2. Removing Smoke from Indoors

Chimneys, Flues, Hoods and Ventilation [1]

    Improving the efficiency and emissions of the stove in one method of improving indoor air quality. Another method of improving indoor air quality is by removing the smoke produced by the stove to the outside. This does not eliminate the pollution but removes it from the home where it can cause the most damage. There are several ways of removing the smoke.

Chimneys and Flues
    Chimneys and flues are integrated into the design of the stove allowing the smoke to exit to the outdoors. The placement and angle of chimney and flues varies between stove designs. Chimneys and flues that remove the smoke directly from the combustion chamber straight upwards provide a draft that increases efficiency. Chimneys and flues can be constructed out of clay, cement, bricks, ceramic or metal. However, one issue with chimneys and flues is their relatively high cost. Also if not placed properly smoke can return through windows and doors. But if they are affordable and properly designed, chimneys and flues can greatly improve indoor air quality.


    Hoods work in much the same way as chimneys and flues however they are structurally independent of the stove. This can be a benefit because they can work with many types of stoves including open fires while still removing a good portion of the smoke. Hoods, however, still have the problem of cost and also their size can be cumbersome especially in small homes.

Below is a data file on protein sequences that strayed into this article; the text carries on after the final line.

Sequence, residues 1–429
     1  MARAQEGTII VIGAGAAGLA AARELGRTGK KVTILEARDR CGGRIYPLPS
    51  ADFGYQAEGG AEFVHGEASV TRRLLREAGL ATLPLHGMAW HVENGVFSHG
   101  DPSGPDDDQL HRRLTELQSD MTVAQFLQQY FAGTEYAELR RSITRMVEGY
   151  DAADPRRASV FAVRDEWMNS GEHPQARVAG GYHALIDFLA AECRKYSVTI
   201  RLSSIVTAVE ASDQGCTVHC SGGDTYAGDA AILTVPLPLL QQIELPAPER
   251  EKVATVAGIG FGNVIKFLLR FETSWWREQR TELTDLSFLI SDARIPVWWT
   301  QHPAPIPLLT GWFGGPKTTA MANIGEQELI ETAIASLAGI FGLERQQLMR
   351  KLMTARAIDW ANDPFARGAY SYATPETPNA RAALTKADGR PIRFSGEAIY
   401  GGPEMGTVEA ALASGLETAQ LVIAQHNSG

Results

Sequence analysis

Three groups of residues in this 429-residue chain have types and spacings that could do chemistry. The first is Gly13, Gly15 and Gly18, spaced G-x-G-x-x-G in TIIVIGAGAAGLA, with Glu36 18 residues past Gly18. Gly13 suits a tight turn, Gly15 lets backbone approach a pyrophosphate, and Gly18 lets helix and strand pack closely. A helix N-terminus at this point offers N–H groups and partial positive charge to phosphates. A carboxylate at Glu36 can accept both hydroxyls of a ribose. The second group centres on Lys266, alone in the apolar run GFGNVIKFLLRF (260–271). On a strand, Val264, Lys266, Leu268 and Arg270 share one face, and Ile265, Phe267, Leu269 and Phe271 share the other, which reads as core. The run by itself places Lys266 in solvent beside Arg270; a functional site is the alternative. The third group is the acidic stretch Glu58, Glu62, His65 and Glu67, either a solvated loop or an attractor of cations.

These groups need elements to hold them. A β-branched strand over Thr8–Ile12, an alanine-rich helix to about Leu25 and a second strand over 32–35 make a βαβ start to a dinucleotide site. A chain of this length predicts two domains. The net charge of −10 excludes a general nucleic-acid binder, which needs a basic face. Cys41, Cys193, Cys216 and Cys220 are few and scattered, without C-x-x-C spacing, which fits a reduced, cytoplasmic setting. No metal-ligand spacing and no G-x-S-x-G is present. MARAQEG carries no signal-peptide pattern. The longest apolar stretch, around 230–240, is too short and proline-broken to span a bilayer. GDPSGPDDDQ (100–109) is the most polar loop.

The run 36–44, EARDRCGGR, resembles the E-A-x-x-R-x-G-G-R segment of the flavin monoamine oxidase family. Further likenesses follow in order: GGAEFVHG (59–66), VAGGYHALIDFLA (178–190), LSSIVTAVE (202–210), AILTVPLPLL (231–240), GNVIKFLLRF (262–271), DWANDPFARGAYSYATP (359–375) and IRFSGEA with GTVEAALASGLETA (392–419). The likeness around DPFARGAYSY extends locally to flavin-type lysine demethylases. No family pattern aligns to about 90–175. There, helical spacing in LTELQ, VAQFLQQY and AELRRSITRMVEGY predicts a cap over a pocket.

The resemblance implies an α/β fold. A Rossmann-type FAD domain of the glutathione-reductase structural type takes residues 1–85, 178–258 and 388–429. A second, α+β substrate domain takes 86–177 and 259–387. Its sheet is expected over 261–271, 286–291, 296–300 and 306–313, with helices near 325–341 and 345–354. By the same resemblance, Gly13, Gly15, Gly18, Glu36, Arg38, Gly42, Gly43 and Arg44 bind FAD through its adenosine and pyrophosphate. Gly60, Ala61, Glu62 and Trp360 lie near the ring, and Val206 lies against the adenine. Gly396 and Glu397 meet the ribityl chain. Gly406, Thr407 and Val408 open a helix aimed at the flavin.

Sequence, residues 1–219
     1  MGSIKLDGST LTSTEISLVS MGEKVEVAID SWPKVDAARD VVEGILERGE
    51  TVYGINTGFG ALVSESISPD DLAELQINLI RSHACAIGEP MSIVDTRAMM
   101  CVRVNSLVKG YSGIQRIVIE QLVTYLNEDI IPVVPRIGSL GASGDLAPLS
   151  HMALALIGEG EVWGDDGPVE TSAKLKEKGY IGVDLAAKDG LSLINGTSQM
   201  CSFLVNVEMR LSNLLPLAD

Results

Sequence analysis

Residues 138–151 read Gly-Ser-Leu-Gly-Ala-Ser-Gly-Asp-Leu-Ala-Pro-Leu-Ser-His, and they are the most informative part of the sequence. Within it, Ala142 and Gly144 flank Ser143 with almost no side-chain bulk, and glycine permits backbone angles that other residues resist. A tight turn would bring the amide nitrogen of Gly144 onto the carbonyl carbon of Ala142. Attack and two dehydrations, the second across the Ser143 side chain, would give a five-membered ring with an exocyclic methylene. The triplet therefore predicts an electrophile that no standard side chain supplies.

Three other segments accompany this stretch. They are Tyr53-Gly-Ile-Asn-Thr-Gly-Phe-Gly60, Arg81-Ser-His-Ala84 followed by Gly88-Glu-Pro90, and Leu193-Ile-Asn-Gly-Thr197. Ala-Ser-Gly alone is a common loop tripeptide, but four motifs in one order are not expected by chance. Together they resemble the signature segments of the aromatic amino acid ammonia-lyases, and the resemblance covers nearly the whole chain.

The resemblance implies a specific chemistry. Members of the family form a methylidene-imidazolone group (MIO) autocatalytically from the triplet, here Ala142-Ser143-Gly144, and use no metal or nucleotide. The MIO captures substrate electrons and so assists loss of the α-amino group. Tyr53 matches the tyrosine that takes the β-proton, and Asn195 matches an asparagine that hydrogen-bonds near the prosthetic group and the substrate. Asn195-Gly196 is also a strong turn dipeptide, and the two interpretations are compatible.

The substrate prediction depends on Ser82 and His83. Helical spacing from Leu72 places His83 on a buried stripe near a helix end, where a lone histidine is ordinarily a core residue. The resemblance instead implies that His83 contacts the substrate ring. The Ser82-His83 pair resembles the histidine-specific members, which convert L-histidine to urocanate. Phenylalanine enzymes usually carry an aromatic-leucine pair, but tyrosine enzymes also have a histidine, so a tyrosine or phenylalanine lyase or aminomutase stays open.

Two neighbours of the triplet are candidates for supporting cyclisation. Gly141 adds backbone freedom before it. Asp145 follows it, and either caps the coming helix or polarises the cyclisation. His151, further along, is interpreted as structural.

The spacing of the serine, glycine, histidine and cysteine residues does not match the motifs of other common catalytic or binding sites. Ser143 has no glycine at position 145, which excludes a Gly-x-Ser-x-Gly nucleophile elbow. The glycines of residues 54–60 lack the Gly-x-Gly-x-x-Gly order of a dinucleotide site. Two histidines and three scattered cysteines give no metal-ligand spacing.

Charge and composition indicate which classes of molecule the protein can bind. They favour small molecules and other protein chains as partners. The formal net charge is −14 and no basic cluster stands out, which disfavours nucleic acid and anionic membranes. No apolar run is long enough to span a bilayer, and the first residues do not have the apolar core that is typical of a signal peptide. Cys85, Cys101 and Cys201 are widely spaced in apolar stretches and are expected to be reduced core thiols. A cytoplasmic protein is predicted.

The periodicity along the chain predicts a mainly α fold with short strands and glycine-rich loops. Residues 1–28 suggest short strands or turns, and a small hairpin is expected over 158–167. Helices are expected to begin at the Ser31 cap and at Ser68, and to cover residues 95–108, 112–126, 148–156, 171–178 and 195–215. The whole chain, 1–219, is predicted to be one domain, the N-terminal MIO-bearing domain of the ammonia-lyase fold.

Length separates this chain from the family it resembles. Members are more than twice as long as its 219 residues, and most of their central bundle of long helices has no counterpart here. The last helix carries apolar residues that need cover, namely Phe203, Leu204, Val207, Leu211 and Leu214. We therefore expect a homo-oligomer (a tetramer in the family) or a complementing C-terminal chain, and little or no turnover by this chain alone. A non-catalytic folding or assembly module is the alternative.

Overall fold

Improved ventilation can be another method of removing smoke from a home. The proper placement of windows and doors can greatly increase the flow of air through a home and thus improve the removal of smoke. This could be the cheapest and simplest method of removing smoke from a home, however maybe not the most efficient. Also, cultural feelings toward open windows and doors must be taken into consideration.

More information on chimneys, flues, hoods and ventilation can be found at the web sites recommended on the Additional Resources and Links page.

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3. Reducing Exposure to Smoke

Changes in Cooking Practices and Behaviors:   

    Changes in cooking practices and behaviors can reduce exposure to smoke by either limiting the amount of time inhabitants are exposed or by setting up situations where inhabitants are distanced from the smoke.
    Ways of limiting the cooking time/exposure time include the preparation of food before lighting the fire so that the fire is used more efficiently, pre-soaking the foods in water, and using any insulating containers available to keep food warm. However, there can be many obstacles to these kinds of actions and changes. Soaking and insulating might not be common practice in certain areas and may require significant changes to cooking customs.1